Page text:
Monday, March 12, 2012

Bill T. Jones/Arnie Zane Dance Company: Story/Time

 “Raise your hand when you think one minute has passed,” requested Bill T. Jones of the audience at Zellerbach Hall in his pre-performance speech for his company’s new work Story/Time.  Jones brought out the stage manager with stopwatch in hand and the audience fell silent as they tried to determine the length of one minute as timed by the stage manager.  Hands progressively rose until the stage manager said, “Time,” and the audience chuckled and shifted, and Jones said, “That’s all you need to know about tonight’s performance.”  Story/Time performed the weekend of February 24-25 by the Bill T. Jones/Arnie Zane Dance Company consisted of 70 one minute stories told live on-stage by Jones, while the company of dancers performed choreography around the storyteller and a musician electronically distorted the sound of Jones’s voice and periodically created accompanying soundscapes.   The work was inspired by John Cage's Indeterminacy, the stories told and the choreography dances are chosen randomly before the performance and paired by chance.  As satisfying as the idea sounds, knowing the length of one minute was not all that was needed to know the performance. 
The 70 one minute stories that made it by chance into the night’s performance can be easily categorized as cultural and political.  These two categories are a very kind euphemism for name-dropping.  The majority of what Jones had to say dealt with dining, drinking, and socializing with other rich and famous people who hold incredible clout in the worlds of art and intelligentsia.  Whether it was intended or not, the innate political nature of money, art, access, and privilege within the stories were projected onto the bodies of the dancers.  Regardless of the movement changing from performance to performance, the implicit and explicit meaning of the sixty-second sound bytes became integral to the nature of the movement, even if its creation was without textual support.  When Jones was not discussing the livelihoods of wealthy artists, he often discussed the destitute poverty and institutional racism as experienced by himself and his family (prior to his success).  Once again the cultural politics of race, class, gender, and access are imbued onto the dancers via the storytelling.  This relationship was explicitly apparent in the one story that was told twice verbatim and then inverted to a scenario involving the dancers.  The story dealt with a poor family being evicted from their home while an evil landlord and his goons rape and pillage.  Along with the repetition, this story seemed decidedly removed from chance operations as the choreography very much acted out the story and the props were assembled in the semblance of a living room.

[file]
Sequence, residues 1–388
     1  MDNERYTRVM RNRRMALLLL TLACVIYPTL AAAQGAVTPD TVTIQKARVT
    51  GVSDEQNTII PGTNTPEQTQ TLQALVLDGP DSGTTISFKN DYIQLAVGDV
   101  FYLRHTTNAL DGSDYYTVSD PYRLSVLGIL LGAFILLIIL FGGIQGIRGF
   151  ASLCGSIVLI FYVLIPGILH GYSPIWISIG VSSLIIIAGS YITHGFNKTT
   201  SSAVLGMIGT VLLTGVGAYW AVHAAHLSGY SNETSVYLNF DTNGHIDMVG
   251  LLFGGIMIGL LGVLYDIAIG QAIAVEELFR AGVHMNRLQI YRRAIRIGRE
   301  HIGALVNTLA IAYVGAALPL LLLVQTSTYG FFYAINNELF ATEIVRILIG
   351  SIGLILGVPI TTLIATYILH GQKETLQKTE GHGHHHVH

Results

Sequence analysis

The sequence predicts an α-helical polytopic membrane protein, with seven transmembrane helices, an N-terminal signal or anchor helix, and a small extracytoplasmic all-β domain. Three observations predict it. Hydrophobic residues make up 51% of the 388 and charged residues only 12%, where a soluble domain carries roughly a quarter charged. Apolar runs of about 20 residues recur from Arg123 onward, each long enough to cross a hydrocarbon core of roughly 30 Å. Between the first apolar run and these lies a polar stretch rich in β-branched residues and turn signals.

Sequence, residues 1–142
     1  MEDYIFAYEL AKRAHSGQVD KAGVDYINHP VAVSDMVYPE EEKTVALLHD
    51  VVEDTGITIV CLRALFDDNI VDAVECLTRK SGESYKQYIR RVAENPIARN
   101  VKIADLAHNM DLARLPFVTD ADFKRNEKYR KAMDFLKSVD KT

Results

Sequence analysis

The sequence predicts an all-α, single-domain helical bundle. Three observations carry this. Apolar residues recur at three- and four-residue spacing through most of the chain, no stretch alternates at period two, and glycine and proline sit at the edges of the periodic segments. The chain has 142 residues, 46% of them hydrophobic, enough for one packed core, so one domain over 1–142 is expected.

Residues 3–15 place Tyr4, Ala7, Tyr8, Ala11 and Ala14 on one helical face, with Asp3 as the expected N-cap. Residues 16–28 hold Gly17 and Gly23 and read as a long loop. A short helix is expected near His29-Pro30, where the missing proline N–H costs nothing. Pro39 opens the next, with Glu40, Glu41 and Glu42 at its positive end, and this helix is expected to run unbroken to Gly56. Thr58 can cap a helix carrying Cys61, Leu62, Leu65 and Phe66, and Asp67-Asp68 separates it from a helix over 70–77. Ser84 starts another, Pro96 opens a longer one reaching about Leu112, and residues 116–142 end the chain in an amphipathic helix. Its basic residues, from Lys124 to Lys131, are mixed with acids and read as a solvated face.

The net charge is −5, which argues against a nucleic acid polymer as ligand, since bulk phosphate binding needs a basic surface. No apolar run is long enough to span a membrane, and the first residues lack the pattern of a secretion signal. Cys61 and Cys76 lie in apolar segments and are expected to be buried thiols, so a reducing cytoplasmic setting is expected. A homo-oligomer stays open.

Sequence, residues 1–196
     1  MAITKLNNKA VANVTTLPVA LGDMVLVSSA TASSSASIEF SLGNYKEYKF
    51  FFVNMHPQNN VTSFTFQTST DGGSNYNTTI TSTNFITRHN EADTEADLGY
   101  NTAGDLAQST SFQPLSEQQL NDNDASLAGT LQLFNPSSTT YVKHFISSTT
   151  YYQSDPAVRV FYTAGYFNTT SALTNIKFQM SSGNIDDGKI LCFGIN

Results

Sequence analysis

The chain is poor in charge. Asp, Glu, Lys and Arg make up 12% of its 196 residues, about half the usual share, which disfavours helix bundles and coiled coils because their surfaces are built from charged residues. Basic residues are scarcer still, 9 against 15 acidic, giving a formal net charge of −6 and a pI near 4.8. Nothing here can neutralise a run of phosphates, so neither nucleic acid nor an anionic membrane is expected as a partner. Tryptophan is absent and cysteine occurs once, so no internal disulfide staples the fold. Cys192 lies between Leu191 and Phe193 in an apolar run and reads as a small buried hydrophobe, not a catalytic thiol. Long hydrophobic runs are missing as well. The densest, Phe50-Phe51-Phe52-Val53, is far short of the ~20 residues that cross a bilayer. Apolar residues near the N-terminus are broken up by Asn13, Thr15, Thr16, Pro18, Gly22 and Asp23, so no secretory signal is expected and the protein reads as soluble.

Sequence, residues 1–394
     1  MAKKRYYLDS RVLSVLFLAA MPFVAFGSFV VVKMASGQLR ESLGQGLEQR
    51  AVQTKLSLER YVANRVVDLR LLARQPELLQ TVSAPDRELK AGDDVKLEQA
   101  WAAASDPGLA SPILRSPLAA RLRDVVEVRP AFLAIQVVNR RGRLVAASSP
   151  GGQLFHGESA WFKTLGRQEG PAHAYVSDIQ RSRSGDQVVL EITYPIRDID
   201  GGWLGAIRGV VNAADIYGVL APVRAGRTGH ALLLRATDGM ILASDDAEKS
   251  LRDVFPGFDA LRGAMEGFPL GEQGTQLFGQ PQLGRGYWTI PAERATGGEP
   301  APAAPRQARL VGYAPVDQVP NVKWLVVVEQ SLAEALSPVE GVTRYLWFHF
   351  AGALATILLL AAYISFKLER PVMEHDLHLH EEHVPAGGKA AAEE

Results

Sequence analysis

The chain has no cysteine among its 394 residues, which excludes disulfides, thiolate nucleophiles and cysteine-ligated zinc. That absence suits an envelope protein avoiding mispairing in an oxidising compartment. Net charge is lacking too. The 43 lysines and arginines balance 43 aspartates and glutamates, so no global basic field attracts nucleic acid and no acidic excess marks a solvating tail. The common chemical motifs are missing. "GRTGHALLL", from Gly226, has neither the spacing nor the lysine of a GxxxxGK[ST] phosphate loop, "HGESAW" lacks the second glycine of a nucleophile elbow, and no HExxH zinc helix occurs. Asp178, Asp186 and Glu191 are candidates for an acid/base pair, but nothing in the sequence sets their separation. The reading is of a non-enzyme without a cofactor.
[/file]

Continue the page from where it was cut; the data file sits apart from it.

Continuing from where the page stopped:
Contextual and theoretical critiques aside, I believe the company is one of the strongest modern dance companies currently performing and touring.  The dancers perform beautifully as an ensemble and each offer a unique movement quality to Jones's choreographic style--a mixture of release technique, ballet, and yoga.  Also, although the stories themselves were markedly exclusive, Jones has one of the best voices for storytelling.

Saturday, February 25, 2012

SF Ballet: Trio, Francesca da Rimini, Les Carnaval des Animaux

Last Saturday night I attended SF Ballet's 3rd Program of the season, a triple bill that featured Trio by Helgi Tomasson (the artistic director), the world premiere of Francesca da Rimini by Yuri Possokhov (the resident choreographer), and Les Carnaval des Animaux by Alexei Ratmansky, which was made for the company several years ago.

SIDE NOTE:  There is a very generous alum of the Mills College Dance Department who keeps a box at the ballet and donates tickets to every program to current Mills students.  I had the extreme privilege of using one of those tickets last night, and, whoa dang, if I never had to sit anywhere else that would be fine by me.  First of all each box has its own door that leads to a small powder room with a mirror and very comfortable chair, a place for you to hang you jacket and accoutrements, as well as menus for dessert and champagne should you feel so inclined.  Then you pull back a curtain, and blamo! you have your very own box with six seats, and this one was right in the center.  The most perfect place in the whole theatre to view dance.  Everything is gilded with gold leaf and the seats look very Rococo.  I felt like I was in Sofia Coppola's Marie Antoinette, and let me tell you it was awesome.  My apologies for the tangent, but I felt it was necessary to explain my superb vantage point in viewing these ballets.  And back to the ballet....

Tomasson's Trio set to Tchaikovsky's string sextet Souvenir de Florence is a three part ballet that sandwiches a partnering heavy pas de trois with the classical style pas de deuxs with male and female variations and corps de ballet.  The set and costumes were stunning.  The ballet was very strong in structure and drive, but choreographically thin.  Neither of the pas de deuxs had discernibly interesting or novel partnering, and though the pas de trois was danced beautifully, the way that the woman was constantly being tossed back and forth between the two men left me wishing the men would partner each other and mix it up a bit, also I couldn't stop thinking about a very similar part of Cooper Nielsen's ballet in Center Stage.